Gov. Bullock did the right thing vetoing Medicaid bill

2013-06-03T09:14:00Z Gov. Bullock did the right thing vetoing Medicaid billGuest column by FRANKE WILMER
June 03, 2013 9:14 am  • 

In four terms in the Montana legislature few decisions have been as difficult as whether to uphold the governor’s veto on House Bill 12. It increases funding to businesses providing services to Medicaid patients and it passed with bipartisan support. Funding for increases to these providers was cut in 2010. Struggling with the devastating effects of the recession, many programs took hits then – including university budgets with students paying higher tuition; the Big Sky RX program was capped, leaving many seniors without assistance for expensive prescriptions; child protection services and tribal college programs were also cut back, or increases rescinded.

So why did the governor veto HB 12 and why am I upholding that veto? HB12 is the only bill that backfills any of the funding lost in 2010. We didn’t pass a bill to backfill university tuition, tribal college assistance, child protection services, senior prescriptions and so on. All are worthy.

Every spending bill goes through tremendous scrutiny both for its policy content and budget impact. It must pass House appropriations and Senate finance committees, and both chambers. Then the governor gets a final look – and it was his judgment that paying for all the bills passed put us too close to budgetary structural imbalance, where we literally take in less than we spend by $21 million – nearly a third of it in HB 12.

Second, House Bill 2, the budget bill, already increased funding for direct care workers, Medicaid providers and people with development disabilities – $65 million, including a 2 percent increase in provider reimbursement each year of the biennium. It’s overdue. It’s a little less than state employees received (although some will get no raise at all), and they do some of the most challenging work for some of the lowest wages in the state. HB2 increases provider reimbursement rates for the first time in four years.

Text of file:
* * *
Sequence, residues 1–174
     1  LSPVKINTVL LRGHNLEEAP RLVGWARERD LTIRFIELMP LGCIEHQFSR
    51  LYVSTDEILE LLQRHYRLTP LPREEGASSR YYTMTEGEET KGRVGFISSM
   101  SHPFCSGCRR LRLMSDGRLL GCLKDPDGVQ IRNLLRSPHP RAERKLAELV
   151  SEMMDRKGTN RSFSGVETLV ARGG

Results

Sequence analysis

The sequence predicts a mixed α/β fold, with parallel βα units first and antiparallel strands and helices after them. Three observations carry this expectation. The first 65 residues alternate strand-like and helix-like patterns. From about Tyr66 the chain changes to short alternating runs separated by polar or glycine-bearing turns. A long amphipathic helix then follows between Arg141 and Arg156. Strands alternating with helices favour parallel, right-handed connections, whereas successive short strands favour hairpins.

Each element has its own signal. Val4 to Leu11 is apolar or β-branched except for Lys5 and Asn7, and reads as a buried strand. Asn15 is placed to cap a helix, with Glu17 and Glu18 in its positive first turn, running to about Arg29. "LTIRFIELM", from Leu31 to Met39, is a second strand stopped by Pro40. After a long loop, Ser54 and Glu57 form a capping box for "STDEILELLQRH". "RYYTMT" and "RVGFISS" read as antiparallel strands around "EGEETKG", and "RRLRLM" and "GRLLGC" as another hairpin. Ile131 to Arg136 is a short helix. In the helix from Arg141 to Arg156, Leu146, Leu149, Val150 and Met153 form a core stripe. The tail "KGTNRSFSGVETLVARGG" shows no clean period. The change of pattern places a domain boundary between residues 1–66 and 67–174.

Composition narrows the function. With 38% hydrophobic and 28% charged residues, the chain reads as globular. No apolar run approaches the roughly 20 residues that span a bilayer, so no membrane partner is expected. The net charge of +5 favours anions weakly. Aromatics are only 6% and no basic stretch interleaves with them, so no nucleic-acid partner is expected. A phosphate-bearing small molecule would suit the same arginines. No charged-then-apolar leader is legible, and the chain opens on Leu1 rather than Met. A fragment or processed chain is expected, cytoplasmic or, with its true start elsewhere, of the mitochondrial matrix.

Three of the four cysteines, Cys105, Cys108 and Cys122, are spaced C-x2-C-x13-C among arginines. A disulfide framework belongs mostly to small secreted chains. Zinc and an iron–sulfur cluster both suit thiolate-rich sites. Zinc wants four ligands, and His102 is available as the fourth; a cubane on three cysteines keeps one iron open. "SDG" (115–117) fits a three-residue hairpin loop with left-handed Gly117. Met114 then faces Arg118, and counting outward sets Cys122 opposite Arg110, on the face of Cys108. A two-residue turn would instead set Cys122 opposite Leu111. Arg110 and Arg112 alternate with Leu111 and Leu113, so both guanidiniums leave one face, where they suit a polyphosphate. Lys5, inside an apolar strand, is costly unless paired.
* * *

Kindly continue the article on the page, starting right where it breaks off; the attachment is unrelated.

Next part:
Third, nothing in HB12 guarantees that the money will be used to increase employee wages, increase employee benefits, hire more employees or provide more services. I understand why providers want the backfilled money they thought was coming their way and I know that many get by only because of the generosity of local donors in their own communities. They do work that matters. Some might use the funding to improve employee wages and benefits, but those are permanent commitments and this is one-time-only funding. The governor might have offered an amendatory veto to HB12 or any of the over 200 bills that came to his desk when it was too late to amend them and send them back to the legislature for approval. But the Republican leadership didn’t give him that opportunity because they held up too many bills until the last days of the session, foreclosing on the governor the option of offering amendments.

When HB12 came to him, he was looking at a structural imbalance in the budget, a bill that backfilled cuts for only one program over all the others that took hits during the recession, and beneficiaries who were already included in the budget increases in HB2. He might have thought, “I’d be a lot more popular if I didn’t veto this bill.” But he did the tough thing.

We work with two figures in balancing the budget. One is the actual money in the bank now minus the actual money going out in expenditures now. That’s what the governor determined was at risk. The other is money we expect to have in the bank at the end of two years. That’s a higher figure and some legislators argue for spending the higher figure – but two years is a long time. Try budgeting your expected income for your expected expenses for two years. I know the governor didn’t do the easy thing, and supporting his decision was not easy either. But I will respect his reasons for vetoing HB12.

Rep. Franke Wilmer, D-Bozeman, represents House District 63 in the Montana Legislature.

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(5) Comments

  1. LBaxter
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    LBaxter - June 05, 2013 3:05 pm
    It all boils down to trying to keep a non profit facility open and staffed on rates that are way below the break even point let alone to provide maintenance for facilites. Staffing in NE Montana is extremely tough and when you cannot provide wages that people can support themselves on they look elsewhere. When you consider the extremely difficult nature of the work nursing home staff do that just compound the problem. Cost shifting the additional $40.00 a day and up to private pay residents is not an option. The Medicaid program should at the very least pay cost per day. We are not able to earn any income from savings due to interest rates below 1% and are now using savings to run operations due to the Medicaid deficit. It wont take long to have to close our facility due to the State not allowing for basic needs of its constituents.